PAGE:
I just started reading a book called One Day by David Nicholls and it begins with this quote from Charles Dickens’s Great Expectations: “That was a memorable day to me, for it made great changes in me. But, it is the same with any life. Imagine one selected day struck out of it and think how different its course would have been. Pause, you who read this, and think for a long moment of the long chain of iron or gold, of thorns or flowers, that would never have bound you, but for the formation of the first link on that memorable day.”
It is rare for a book to speak to me from the very first page. Usually it takes a little warming up to and a couple of chapters for me to get used to the style and language. In this case, I have read only a few pages before I had to stop to write this post. I never judge a book by the first few pages because many books I have loved and hold dear to me have started off in the most drab way. I admit, I had never heard of David Nicholls or his book(s?). I had however, seen ads for the movie titled One Day on Romedy Now for many months without ever coming across the movie itself. It looked interesting and the other day while I was browsing channels it was on, almost to the end, but it was on all the same. I watched the last few minutes and it intrigued me. When I watched the credits and found out it was an adaptation from a book, I switched on my Kindle and a few minutes later, I had it in my hand.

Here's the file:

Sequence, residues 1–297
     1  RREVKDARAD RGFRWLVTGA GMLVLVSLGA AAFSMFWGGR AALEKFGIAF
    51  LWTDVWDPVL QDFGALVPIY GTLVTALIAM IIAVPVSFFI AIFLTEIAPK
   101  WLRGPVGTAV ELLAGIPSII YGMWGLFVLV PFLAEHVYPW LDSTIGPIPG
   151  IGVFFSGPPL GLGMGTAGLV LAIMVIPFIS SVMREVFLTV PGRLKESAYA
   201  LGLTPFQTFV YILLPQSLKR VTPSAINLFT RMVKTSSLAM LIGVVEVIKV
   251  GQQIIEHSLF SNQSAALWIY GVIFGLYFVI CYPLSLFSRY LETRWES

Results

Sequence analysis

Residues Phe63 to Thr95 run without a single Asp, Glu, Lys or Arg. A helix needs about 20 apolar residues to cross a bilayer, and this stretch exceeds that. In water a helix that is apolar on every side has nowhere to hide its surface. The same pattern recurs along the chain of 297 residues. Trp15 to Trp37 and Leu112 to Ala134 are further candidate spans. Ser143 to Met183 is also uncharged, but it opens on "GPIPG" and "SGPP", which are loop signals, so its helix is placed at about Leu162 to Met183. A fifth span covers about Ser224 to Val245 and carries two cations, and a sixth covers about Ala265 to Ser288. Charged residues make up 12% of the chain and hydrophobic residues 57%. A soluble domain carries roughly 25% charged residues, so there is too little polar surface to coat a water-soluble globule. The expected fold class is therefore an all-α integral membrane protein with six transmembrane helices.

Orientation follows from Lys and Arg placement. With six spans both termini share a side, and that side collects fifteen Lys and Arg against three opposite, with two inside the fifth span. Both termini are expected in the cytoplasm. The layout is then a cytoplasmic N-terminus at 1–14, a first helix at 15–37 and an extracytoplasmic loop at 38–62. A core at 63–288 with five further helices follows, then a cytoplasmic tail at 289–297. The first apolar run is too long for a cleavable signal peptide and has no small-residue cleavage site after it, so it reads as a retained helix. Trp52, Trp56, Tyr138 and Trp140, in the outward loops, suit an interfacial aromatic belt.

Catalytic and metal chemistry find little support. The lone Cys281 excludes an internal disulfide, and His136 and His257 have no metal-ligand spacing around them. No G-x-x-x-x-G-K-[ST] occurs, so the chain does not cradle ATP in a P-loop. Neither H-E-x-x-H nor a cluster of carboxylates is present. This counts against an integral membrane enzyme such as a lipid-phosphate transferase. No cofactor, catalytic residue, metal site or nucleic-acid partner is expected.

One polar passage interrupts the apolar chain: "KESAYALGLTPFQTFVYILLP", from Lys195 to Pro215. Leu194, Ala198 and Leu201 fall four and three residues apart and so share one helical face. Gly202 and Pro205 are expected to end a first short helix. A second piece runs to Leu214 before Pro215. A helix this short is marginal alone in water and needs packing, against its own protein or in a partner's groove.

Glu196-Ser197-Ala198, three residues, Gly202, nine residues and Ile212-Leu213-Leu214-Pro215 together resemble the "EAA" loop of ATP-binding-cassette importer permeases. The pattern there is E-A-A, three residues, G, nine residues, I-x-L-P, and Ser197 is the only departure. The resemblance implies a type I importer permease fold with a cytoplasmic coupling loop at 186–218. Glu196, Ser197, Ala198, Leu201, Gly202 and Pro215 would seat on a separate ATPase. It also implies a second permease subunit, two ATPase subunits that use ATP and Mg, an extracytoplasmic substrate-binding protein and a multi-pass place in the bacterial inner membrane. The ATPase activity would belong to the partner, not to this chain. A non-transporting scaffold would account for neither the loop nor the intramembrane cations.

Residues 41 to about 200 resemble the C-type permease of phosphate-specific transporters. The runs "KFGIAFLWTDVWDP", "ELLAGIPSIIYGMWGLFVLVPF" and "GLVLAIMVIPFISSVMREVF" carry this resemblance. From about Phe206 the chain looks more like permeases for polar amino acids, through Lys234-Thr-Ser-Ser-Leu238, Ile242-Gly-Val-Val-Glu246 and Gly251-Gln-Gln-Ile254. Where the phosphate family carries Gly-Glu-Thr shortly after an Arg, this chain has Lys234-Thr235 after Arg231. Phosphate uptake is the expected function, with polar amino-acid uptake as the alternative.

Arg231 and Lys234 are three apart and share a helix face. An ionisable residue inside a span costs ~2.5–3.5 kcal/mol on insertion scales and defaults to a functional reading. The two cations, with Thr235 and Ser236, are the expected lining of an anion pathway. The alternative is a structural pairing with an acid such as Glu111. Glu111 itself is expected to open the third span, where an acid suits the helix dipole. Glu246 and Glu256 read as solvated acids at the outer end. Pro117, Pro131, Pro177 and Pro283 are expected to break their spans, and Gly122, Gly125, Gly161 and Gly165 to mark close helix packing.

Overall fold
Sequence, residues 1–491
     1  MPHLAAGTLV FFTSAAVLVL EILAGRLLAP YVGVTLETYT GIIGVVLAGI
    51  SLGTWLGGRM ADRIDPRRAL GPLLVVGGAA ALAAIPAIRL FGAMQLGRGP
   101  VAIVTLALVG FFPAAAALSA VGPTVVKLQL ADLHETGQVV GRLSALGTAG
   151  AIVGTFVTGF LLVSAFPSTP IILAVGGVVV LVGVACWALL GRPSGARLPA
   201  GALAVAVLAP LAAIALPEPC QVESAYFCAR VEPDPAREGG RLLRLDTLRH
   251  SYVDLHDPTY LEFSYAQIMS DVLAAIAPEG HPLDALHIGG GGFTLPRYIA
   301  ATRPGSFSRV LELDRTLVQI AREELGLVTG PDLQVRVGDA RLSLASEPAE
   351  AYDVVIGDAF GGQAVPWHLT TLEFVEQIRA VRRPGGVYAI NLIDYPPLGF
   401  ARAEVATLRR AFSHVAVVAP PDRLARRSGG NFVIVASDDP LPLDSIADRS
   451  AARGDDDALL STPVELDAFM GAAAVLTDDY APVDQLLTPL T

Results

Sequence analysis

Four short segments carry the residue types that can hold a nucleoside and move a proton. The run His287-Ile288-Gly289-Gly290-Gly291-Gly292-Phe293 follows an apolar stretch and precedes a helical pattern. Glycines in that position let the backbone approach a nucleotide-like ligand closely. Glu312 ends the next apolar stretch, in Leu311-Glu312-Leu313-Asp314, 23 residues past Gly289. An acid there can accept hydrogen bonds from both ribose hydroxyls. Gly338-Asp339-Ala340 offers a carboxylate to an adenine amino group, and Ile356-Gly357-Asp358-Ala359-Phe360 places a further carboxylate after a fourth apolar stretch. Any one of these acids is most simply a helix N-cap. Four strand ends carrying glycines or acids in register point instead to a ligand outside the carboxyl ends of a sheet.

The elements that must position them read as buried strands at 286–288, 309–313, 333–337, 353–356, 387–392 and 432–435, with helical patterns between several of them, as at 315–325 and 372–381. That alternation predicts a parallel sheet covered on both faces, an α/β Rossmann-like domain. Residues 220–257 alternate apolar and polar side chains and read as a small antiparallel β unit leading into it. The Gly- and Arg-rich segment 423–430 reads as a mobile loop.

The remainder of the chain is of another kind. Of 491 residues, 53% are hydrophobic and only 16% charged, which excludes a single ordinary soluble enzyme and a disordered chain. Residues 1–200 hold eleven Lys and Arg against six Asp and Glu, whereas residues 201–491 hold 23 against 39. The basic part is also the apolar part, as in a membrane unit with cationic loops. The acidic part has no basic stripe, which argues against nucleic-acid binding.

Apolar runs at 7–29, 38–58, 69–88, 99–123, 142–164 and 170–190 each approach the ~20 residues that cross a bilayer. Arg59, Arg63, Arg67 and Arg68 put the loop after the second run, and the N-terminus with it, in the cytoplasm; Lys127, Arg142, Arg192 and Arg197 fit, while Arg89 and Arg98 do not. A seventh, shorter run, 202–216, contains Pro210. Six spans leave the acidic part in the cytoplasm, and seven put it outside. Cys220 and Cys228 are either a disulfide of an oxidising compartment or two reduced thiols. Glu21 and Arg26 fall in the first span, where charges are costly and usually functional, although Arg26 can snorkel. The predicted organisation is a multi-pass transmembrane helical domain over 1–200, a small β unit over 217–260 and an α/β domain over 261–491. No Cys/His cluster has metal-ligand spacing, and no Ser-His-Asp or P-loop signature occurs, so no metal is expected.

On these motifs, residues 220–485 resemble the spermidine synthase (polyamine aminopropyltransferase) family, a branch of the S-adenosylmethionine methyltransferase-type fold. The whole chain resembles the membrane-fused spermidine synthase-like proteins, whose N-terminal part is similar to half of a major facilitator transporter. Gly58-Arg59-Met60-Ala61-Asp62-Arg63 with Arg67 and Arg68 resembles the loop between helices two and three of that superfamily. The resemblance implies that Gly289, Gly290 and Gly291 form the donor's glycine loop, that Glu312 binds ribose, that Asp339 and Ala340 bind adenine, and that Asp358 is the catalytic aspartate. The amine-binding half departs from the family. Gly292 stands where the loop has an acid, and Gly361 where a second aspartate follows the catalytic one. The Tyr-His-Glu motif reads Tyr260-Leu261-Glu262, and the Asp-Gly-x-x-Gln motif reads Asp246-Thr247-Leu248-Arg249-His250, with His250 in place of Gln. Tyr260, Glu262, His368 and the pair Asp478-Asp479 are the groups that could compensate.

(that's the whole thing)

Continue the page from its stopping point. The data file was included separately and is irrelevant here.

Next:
Don’t judge me for my Kindle please. I have been an avid reader all my life and I have no qualms about admitting how much I love my Kindle. It was a gift from my husband at a time when I thought I was the love of his life. It was the most thoughtful gift I have ever received in my life and even though I feel a little weird inside for keeping it when I have returned everything else, I can’t help myself. It allows me to read anywhere, anytime (as long as I remember to charge the batteries every now and then) without worrying about ill-treating my book in my bag where it’ll suffer as it gets banged around all day, all books weigh the same on a Kindle and I can read in bed without disturbing the person sleeping beside me, namely my sister. Don’t let your imagination wander too far in my case, if there is any change to the bed sharer (maybe in a decade or two) it’ll be formally announced here.
Back to the point, we do all have that moment, that day which leads to a series of decisions and events good or bad or most likely a mix of both. I can remember mine as clear as day. It was my first date. The first time a boy had asked me out to dinner in a restaurant and come to pick me up. The first time a boy had expressed exclusive interest in me, self-labelled wallflower. I was flattered, I felt grown-up and there was a crackle in the air between us as we sat opposite each other at Turning Point. I kid you not, the restaurant was called Turning Point, an avant-garde (unintentionally I believe) building reminiscent of the Flatiron Building of New York. It was there that the whole story of him and I started, one rainy, damp evening in June of ’05.